People don’t usually choose to endure VSS unless there’s some incentive, whether it’s playing with their friends or simply seeing new content in a game they otherwise enjoy. The developers of Mirror’s Edge helped promote awareness of the condition by explaining some of the measures they took to help combat VSS during development, such as removing head bobbing. The reaction was predictable. “Why would they take out head bobbing? Screw people getting sick,” and “Why would anyone have a problem with bobbing being an option? If you don’t want it, turn it off!” DICE studied the issue extensively, giving players the option to have a reticule to focus on and in using the camera to simulate the player’s eyes, not the head. To combat disorientation, the game provides expansive views of the city that help preserve a feeling of stability even when the player moves quickly. As a result, Mirror’s Edge, wasn’t nearly as sickness-inducing as it could have been.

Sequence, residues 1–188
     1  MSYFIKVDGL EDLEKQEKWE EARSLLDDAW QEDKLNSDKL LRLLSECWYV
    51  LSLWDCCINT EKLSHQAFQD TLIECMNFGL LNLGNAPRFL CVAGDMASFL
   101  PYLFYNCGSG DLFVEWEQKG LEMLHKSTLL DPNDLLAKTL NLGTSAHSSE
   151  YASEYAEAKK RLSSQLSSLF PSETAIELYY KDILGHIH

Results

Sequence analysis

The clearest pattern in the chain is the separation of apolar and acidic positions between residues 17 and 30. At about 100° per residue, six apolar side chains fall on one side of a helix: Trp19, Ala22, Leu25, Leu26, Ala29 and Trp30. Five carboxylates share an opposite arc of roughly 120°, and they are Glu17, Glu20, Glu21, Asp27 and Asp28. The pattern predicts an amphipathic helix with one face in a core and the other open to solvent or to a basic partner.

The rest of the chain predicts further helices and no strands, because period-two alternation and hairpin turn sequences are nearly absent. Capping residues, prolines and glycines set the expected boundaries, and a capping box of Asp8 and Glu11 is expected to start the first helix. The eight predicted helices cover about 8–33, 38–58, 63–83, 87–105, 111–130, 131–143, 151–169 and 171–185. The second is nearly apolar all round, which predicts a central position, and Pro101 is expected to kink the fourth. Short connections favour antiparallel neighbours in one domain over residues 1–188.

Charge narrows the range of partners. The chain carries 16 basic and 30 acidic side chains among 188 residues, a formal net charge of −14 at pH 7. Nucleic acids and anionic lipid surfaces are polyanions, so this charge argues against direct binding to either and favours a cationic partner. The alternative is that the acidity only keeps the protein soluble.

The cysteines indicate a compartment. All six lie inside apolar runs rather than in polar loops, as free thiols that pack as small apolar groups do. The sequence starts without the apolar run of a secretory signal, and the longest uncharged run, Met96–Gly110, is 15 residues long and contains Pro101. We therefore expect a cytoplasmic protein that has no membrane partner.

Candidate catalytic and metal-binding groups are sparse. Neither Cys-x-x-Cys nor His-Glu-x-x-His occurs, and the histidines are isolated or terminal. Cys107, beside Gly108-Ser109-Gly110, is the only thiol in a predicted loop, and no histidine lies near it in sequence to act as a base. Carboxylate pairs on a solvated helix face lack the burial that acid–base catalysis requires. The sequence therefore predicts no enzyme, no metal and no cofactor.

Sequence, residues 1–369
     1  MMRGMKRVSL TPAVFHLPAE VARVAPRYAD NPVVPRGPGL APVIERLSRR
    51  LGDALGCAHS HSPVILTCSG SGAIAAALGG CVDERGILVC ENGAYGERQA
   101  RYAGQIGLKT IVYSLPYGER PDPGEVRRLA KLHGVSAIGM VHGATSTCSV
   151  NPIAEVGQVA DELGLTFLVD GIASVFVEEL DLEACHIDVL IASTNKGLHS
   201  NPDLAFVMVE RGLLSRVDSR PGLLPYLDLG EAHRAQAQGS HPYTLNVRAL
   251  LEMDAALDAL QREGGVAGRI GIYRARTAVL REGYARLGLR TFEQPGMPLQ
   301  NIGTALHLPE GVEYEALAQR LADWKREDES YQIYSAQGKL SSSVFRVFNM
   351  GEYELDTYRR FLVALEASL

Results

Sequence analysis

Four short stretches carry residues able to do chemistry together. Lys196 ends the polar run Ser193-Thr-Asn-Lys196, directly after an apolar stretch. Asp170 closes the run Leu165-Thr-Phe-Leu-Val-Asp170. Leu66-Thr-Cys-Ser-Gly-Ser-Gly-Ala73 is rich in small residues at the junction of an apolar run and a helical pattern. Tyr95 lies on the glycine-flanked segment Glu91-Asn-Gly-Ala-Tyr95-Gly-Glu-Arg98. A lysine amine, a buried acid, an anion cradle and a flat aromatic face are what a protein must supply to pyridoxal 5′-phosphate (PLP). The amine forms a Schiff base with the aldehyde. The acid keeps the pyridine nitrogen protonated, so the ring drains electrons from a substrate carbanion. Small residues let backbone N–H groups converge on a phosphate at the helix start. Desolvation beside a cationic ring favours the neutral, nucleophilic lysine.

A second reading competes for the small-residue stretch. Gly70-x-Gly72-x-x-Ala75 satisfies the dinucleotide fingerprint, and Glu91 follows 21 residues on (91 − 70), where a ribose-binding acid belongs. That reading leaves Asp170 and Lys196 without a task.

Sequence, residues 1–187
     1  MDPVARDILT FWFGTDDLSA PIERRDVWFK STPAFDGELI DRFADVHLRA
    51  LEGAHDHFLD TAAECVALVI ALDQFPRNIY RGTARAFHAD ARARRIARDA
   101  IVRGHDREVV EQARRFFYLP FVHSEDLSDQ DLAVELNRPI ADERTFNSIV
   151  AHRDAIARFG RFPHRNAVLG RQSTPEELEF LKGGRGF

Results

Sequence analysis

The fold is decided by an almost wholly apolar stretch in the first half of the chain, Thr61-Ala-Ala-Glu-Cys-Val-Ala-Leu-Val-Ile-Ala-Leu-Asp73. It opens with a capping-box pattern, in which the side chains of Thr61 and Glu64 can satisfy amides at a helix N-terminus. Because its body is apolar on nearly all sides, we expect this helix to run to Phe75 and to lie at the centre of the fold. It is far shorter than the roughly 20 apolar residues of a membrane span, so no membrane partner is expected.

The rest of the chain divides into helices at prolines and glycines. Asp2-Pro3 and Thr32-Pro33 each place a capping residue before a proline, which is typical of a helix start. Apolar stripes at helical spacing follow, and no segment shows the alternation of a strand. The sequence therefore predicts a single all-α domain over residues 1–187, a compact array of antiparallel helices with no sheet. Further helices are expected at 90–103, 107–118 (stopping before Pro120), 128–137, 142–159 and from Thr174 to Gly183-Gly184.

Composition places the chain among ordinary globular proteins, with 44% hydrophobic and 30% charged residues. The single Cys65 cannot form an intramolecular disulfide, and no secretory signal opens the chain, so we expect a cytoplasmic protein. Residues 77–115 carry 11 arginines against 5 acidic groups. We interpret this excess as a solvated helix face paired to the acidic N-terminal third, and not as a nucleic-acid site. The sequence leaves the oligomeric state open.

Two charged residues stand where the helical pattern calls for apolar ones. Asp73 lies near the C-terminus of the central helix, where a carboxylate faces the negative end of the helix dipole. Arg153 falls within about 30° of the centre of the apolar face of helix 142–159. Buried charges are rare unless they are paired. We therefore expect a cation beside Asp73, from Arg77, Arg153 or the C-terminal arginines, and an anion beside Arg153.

For players who experience simulation sickness, there’s an abundance of well meaning advice, though it’s rarely helpful. Articles on the topic suggest straight infusions of ginger, Dramamine and even acupressure wristbands. These are gimmicks based on traditional motion sickness remedies and unlikely to cause anything beyond temporary relief. The only things that work reliably for most players is time and patience . Each new 3-D game requires a short “adjustment” period of playing in stages until the sensation becomes more and more manageable. Unfortunately, adaptation skills don’t always transfer between games, because not all 3-D games affect a VSS-prone gamer the same way.


I’ve trained myself to play plenty of games over time, but every single one takes patience, and even new content packed in old favorites has the potential to set my brain askew. Mirror’s Edge, whose demo initially caused me to flee towards a darkened room, has finally become playable for me. DICE’s innovations in this area should not be overlooked by other developers of first-person games. There’s no reason to exclude a portion of your audience because you’re unaware of their needs.

Gamers with VSS want to experience new content. We want to be just as good as our friends and enjoy the same games they do. We’re just wired differently.

Research Manager Nova Barlow is still considered a hardcore gamer by many, even if she had to play Portal by proxy.